So much of the material we handle on a daily basis is made of plastic. Let’s delve into some common questions about the puzzling predicament of perplexing plastic packaging products! You can also learn more at the Sustainability Film Series at the UW Tower Auditorium on Thursday, July 11. Watch the short films "Plastic Bag" and "The Plastic Problem," followed by a discussion with UW Recycling' Liz Gignilliat and Holly Griffith on plastic pollution.
What does the number in the chasing arrow symbol mean?
Understandably, many people often think that the chasing arrow symbol on a plastic item means that the product is recyclable. However, that’s not always the case. The symbol and the number inside it is called a “resin identification code,” which tells the consumers what kind of plastic was used to make the product. The resin identification code was made in 1988 to help consumers to identify and sort recyclable plastics - back then there were a lot fewer shapes and types of plastic than there are now! Now the number doesn’t give us enough information on if an item can be sorted or recycled effectively due to plastic manufacturing developments so in the City of Seattle, we ignore the number altogether!
How do I properly recycle plastic on the University of Washington campus?
Focus on the shape of the product you are about to throw away! Non-compostable plastic products shaped like bottles, tubs, jugs, and cups can safely go into the recycling bin. Non-compostable plastic clamshells are also allowed in the recycling. Some lids can be recycled, but…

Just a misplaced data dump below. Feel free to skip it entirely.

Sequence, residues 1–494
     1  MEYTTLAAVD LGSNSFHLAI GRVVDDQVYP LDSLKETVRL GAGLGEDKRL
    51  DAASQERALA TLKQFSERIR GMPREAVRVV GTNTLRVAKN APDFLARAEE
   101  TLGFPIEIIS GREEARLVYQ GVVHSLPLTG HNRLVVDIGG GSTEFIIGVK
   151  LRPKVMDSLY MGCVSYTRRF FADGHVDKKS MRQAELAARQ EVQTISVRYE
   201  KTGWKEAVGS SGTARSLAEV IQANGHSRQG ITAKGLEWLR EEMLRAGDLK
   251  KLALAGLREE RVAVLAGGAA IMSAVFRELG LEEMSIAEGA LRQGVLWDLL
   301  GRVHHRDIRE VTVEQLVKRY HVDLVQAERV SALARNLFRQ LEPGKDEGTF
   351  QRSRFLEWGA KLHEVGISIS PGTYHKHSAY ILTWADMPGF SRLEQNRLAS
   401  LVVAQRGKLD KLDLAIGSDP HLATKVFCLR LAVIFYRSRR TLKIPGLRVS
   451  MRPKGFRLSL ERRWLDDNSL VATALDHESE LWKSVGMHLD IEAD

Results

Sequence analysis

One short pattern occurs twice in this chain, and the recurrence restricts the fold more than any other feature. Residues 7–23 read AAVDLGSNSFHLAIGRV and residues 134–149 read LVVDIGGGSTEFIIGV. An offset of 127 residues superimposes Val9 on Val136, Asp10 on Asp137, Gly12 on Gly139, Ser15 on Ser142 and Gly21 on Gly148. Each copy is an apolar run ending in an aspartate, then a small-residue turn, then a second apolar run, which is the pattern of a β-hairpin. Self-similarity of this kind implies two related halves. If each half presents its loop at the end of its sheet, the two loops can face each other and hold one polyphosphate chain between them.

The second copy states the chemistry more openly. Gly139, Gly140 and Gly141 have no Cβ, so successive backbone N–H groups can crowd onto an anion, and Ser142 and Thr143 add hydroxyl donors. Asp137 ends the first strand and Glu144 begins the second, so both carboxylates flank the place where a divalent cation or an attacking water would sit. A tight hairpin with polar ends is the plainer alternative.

Don’t sweat the small stuff!
anything that is smaller than three inches (about the size of your index finger) should go into the garbage. Plastic or metal items that are too small can be mistaken as broken glass during the sorting process and contaminate the recyclables. Also…
Keep it clean!
It is important to make sure recyclables are clean, empty, and dry! When the recyclables are food soiled or wet, they will contaminate the rest of the recyclables and reduce the quality or recyclability of the materials. You don’t have to get items clean enough to store food or eat from, just clean enough that liquids or food isn’t getting all over the place - it shouldn’t take much water or time to rinse it or wipe it off before tossing.
What about plastic film?
Plastic film is also recyclable on campus, just be sure to bag it all together before you put it in the bin! Please also keep in mind that if it is wet or has been in contact with food items (like produce bags or bread packaging), it cannot be recycled. Accepted plastic film includes clean plastic grocery bags, bubble wrap, dry cleaner bags, deflated air pillows, and shrink wrap.
- Accumulate as much clean plastic film as possible
- Bag it altogether in a clear plastic bag & tie off the bag
- Place bag inside the plastic film cart at your building’s service area or in a mixed recycling bin
You can also request a self-service box to collect plastic film from UW Recycling at no cost.
3 Simple Ways to Avoid Plastic
- Buy second-hand products to avoid packaging: Instead of buying new products, try shopping at UW Surplus or thrift stores like Goodwill. Did you know that when you buy second-hand clothes, you’re also preventing plastic microfiber pollution in our water? You can purchase clean and affordable items while reducing waste at the same time!
- Reusable mugs, bottles, and straws - oh my!: Production, transportation, and recycling of bottles and cups takes up a large amount of energy. What’s better than recycling plastic is not to consume them in the first place - and, at UW HFS Cafés, you can even get a discount when you bring your own mug!
- Shop in bulk: Use reusable containers like jars to buy peanut butter, spices or rice from your grocery store – one more way to reduce waste and save money!